We’ve talked a lot in the last few months about space, the solar system, stars, planets, our galaxy, other galaxies, dark matter / dark energy, black holes, the universe as a whole, how everything moves and rotates and orbits around other things, etc., etc. Every now and then when I have a question he just tells me to “look it up,” and I know more about all that nowadays than I ever thought I would, but mostly I know how much there is I don’t know!

After the initial quiet hour, I was moved to the scanner in another room, which looks pretty much like the bone scan camera or CT scan camera. They are all very similar. While the bone scan camera moved extremely slowly down my whole body just one time, this camera moved slowly backward and forward three times in a period of 40 minutes, with my arms over my head for much of the time to get better pictures of my underarm area.

I tried counting off the minutes, but somewhere in the middle my throat began to tickle and I started to cough. I tried to work up enough saliva to moisten my throat and stop the tickle, which did work. They had told me to try to be as still as possible – “movement is our enemy” – so the pictures would not be blurry. I worried that they would have to start the test over, but they didn’t. It was over around 11:15. I went and picked up Shelby and we went to lunch at Western Sizzlin’, where I finally got my coffee! I dropped her back off at work, then came on home.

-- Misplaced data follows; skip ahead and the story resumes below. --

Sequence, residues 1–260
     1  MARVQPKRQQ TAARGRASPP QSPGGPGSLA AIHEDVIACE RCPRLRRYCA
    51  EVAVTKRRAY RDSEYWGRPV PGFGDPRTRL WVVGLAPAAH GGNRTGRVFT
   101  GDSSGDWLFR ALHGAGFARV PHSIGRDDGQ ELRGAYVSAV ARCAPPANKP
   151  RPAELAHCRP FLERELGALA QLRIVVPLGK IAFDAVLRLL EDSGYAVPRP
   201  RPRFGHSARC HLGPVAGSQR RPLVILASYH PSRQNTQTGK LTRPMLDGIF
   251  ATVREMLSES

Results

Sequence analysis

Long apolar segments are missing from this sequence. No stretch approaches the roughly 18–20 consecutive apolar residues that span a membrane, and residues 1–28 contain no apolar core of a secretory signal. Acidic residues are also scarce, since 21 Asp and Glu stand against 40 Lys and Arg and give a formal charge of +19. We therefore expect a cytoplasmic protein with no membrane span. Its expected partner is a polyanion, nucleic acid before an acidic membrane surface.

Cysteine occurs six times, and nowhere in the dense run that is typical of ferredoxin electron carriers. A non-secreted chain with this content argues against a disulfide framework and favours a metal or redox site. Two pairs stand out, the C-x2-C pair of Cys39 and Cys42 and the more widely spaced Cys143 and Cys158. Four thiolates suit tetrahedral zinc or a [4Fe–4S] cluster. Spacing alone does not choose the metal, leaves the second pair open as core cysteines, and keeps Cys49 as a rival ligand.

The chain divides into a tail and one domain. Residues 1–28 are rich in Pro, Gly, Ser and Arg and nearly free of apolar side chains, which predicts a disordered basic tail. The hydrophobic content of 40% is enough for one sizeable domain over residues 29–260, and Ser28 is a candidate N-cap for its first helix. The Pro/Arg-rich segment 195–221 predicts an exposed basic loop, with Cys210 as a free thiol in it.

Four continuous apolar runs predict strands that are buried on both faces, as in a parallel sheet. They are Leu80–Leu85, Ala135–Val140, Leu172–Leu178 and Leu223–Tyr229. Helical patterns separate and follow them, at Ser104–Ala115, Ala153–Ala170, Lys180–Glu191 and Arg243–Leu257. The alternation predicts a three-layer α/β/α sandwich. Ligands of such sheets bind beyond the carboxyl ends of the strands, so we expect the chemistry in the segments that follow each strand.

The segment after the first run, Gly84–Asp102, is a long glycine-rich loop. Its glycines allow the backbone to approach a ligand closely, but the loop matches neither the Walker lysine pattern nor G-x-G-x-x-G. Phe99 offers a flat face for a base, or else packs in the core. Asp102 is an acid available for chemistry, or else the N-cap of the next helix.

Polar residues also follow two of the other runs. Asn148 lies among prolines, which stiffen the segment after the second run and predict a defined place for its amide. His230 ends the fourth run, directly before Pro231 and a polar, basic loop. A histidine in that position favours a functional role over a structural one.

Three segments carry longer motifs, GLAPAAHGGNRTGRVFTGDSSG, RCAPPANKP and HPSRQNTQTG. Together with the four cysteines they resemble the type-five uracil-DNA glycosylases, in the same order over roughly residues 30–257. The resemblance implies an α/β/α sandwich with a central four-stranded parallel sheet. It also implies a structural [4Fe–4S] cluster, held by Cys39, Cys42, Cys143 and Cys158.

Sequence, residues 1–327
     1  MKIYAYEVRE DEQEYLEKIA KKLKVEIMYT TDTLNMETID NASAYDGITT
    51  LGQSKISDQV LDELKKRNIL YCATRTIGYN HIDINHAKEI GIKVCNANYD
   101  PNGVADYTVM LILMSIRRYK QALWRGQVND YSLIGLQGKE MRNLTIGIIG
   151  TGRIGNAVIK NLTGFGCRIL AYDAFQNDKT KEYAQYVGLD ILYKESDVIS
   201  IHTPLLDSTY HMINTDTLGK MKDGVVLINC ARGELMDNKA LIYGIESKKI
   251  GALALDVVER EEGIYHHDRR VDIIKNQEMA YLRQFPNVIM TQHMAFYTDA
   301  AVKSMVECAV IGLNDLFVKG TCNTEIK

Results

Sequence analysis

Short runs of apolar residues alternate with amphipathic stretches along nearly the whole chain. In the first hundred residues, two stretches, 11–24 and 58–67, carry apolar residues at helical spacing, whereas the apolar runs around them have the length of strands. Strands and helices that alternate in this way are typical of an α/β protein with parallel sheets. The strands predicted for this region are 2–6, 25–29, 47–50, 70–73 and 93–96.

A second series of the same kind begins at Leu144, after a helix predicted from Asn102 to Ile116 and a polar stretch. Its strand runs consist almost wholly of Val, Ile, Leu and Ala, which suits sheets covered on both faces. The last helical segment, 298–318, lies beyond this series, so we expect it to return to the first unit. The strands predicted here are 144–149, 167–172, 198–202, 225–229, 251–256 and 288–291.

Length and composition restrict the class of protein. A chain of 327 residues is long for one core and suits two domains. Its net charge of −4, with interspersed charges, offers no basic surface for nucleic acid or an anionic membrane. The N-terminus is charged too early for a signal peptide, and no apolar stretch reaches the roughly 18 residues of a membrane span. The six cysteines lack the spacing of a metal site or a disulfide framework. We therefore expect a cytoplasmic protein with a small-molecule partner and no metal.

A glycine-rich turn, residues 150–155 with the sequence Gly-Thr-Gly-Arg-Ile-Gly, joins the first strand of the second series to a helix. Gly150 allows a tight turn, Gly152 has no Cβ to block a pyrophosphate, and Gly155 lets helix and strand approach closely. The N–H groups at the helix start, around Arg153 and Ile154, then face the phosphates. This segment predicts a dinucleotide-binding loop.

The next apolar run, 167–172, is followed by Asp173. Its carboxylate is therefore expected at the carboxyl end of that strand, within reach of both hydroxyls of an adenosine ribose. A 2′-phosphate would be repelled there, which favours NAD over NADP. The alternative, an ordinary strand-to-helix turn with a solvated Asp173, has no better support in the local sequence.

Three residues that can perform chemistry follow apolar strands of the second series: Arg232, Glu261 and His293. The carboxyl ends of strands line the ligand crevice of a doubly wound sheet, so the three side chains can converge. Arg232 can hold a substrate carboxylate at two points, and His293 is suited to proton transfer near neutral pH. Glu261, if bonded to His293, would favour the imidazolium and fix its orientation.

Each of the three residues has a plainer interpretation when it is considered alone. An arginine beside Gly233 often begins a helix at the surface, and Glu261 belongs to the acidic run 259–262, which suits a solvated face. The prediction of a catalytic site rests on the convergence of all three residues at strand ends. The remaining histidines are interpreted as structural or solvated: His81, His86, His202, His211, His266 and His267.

I drank some more coffee, turned on the TV and despite the caffeine took a little nap in my arm chair. Friday demanded a good bit of attention, but finally he went back to the bedroom for a nap of his own. (He doesn’t really like the TV noise.) He’s snoozing on his little rug here in my office right now. He doesn’t like for me to leave him alone so long at a time and tries to make up for lost time when I’m back home again.

Tomorrow I have no doctor appointments or scheduled tests, and I will probably use the time for more reading and writing. I know I should clean out closets, toss old business stuff, throw away junk off of shelves and gather up old clothes I no longer wear, but right now I am just not inclined to do any of that.


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Bette’s Journal

Bette Cox 2010

Christ is the "Big C" in my life!

That was told to me by a good friend recently, and it's so very true.

Jesus says in John 10:10, "The thief comes only to steal and kill and destroy; I have come that they may have life, and have it to the full."

I believe Jesus. I hope you do too.

I have one request of other believers reading this journal:

Agree with me that the invader will shrink, shrivel, die and disappear from my body, whatever method the Lord uses to accomplish that.

Thanks in advance.